Irgandı Bridge

This bridge was built in 1442, during the reign of Murad II, by Hodja Muslihuddin, the son of Irgandılı Ali. Hodja Muslihuddin is one of the period’s important merchants, who sold the silk he bought in Azerbaijan to Italian merchants. It is known that structures for trading purposes were built by the tradespeople, within the scope of the architectural activities that were relevant during the process of Bursa’s becoming an important trade centre in the 15th century. Irgandı Bridge, with its “arasta” on it (i.e. two rows of shops built along the sides of the bridge), and its stables and warehouses inside the bridge’s main structure, is one of these activities. Timurtash, the son of Abdullah, is known to be the architect of this bridge.

“Irgandı” Bridge is one of four market bridges worldwide, together with Ponte Vecchio, and Rialto Bridge in Italy, and Osma Bridge in Bulgaria.

“Irgandı” bridge is the third bridge, seen from upriver to downriver, spanning Gökdere beck, and connecting the town’s centre to its east.

It is known that the initial bridge was a stone bridge, and that there 16 sections at each side, sheltering 31 shops and 1 masjid, as well as warehouse and stable sections inside its pylons. It was possible to establish its original size, which was 62.50 m in length, and 11.40 m in width. In former times, this bridge had one door at each of its ends, and it is believed that the merchants who came to Bursa were hosted in the rooms built inside the arches, which were designed for the bridge guards and their horses.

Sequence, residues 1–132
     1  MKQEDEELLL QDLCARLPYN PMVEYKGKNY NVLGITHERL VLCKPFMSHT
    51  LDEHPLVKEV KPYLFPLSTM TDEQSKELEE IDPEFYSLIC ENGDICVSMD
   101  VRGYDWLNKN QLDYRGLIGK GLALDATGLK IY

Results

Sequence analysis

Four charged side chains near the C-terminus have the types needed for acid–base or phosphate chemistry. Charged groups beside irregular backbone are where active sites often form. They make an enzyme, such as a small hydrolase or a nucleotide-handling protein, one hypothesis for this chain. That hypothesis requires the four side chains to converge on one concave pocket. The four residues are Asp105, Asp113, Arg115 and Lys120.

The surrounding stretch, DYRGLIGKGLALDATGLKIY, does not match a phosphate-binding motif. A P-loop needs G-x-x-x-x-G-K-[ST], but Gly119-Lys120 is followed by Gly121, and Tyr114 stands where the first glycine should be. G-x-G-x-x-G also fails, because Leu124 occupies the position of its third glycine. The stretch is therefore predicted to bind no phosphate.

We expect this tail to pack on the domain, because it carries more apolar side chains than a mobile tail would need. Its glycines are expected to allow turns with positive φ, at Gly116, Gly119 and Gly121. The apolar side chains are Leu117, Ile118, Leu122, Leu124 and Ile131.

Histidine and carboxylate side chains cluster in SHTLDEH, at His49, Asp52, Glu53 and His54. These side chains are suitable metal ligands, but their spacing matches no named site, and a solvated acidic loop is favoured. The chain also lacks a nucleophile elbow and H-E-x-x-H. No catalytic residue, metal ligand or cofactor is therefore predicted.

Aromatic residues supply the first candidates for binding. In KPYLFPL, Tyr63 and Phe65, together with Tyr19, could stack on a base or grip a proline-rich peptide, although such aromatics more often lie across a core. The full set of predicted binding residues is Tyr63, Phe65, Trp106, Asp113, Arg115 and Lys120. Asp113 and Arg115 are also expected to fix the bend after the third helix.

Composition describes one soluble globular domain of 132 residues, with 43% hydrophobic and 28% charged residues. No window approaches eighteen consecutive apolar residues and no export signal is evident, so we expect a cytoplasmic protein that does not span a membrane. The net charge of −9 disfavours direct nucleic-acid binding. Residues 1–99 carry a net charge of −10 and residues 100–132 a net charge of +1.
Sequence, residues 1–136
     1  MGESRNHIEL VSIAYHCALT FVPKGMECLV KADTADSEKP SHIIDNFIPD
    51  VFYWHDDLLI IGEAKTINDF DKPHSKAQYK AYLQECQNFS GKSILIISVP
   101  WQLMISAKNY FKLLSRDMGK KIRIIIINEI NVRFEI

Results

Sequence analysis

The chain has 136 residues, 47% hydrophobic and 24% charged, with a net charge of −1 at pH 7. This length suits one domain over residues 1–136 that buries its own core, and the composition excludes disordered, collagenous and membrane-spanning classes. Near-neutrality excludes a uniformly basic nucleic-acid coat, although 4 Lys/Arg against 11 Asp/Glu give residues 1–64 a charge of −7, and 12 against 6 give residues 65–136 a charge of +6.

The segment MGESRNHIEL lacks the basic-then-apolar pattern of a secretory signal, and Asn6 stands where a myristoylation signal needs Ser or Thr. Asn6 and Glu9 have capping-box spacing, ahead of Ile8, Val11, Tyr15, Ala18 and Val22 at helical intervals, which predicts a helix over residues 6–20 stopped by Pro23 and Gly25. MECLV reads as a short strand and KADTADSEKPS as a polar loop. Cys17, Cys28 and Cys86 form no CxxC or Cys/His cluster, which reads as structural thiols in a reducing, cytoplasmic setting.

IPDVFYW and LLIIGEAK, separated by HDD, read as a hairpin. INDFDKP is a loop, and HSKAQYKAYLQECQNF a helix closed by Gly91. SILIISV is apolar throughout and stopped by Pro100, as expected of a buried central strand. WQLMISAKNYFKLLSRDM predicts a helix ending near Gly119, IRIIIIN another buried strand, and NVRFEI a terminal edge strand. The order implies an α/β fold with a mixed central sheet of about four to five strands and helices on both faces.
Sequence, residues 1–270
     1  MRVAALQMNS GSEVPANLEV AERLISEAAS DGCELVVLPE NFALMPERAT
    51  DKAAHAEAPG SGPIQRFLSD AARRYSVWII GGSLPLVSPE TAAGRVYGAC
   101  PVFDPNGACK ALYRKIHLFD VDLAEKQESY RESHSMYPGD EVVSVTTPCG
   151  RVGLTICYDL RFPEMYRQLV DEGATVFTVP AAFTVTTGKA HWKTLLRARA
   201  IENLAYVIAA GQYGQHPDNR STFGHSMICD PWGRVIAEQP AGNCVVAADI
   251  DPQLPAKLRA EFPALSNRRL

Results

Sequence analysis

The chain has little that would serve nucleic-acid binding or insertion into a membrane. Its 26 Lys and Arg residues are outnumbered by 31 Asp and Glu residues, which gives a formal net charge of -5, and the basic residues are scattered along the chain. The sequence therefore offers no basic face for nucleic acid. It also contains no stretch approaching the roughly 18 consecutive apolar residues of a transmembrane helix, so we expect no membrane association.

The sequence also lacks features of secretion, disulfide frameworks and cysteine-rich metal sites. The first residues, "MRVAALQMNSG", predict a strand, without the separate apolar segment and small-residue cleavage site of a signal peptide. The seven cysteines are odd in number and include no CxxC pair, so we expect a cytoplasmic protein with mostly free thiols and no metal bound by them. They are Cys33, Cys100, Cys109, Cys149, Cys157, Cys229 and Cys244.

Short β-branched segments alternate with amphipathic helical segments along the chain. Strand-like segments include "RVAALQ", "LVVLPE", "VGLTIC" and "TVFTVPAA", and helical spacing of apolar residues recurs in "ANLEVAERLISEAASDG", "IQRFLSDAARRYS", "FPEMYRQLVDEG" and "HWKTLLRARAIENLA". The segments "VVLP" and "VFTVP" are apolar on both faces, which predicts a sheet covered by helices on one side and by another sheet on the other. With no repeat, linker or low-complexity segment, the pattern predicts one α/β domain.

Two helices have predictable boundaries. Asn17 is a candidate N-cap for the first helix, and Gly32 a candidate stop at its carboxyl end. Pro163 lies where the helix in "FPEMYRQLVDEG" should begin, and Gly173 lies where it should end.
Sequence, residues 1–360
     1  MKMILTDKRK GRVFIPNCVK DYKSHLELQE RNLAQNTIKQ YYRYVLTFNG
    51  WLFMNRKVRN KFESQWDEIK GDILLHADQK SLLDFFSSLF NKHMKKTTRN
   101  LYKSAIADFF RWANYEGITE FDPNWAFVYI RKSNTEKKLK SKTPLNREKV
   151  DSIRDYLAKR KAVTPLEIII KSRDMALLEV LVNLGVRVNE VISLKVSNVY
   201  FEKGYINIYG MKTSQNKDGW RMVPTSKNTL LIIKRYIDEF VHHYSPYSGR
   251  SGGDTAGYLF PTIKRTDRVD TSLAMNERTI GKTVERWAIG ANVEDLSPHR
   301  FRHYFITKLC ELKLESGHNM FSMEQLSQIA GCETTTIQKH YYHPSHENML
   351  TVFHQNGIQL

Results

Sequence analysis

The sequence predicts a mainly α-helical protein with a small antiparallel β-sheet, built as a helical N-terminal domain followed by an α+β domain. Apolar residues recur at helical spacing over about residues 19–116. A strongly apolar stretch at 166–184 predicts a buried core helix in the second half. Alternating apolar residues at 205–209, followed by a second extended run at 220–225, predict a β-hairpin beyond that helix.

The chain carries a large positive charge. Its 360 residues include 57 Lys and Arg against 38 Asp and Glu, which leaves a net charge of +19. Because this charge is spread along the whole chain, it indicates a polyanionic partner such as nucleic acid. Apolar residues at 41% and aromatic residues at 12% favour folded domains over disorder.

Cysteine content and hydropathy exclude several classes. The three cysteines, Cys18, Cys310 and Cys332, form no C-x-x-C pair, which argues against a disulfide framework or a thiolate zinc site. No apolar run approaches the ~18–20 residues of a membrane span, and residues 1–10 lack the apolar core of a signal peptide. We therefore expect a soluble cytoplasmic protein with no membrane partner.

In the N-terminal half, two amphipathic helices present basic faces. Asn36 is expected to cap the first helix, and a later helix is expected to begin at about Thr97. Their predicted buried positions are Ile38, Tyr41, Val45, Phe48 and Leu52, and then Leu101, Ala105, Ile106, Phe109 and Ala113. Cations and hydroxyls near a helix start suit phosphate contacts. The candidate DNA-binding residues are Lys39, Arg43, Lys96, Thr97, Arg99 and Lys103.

Today, the main structure of this bridge consists of a bridge arch measuring 16 m in length, and 11 m in width. There are vaulted inner sections at either side of this arch. The 18 shops of the bazaar are built with a framework system. With its bay-windows, which are supported by means of raking shores, it extends to Gökdere beck. Furthermore, there are warehouses underneath some of them.

In the 18th century, “Irgandı” Bridge was partially destroyed by a flood, and it sustained damage in the 1855 earthquake. In the second half of the 19th century, it became an uncovered bazaar, with its rows of timber-built shops. After the Turkish War of Independence, the bridge dynamited by the occupation forces while leaving Bursa in 1922 collapse. It was renovated in 1949 and in 1989. The reconstruction of this bridge was performed in 2004.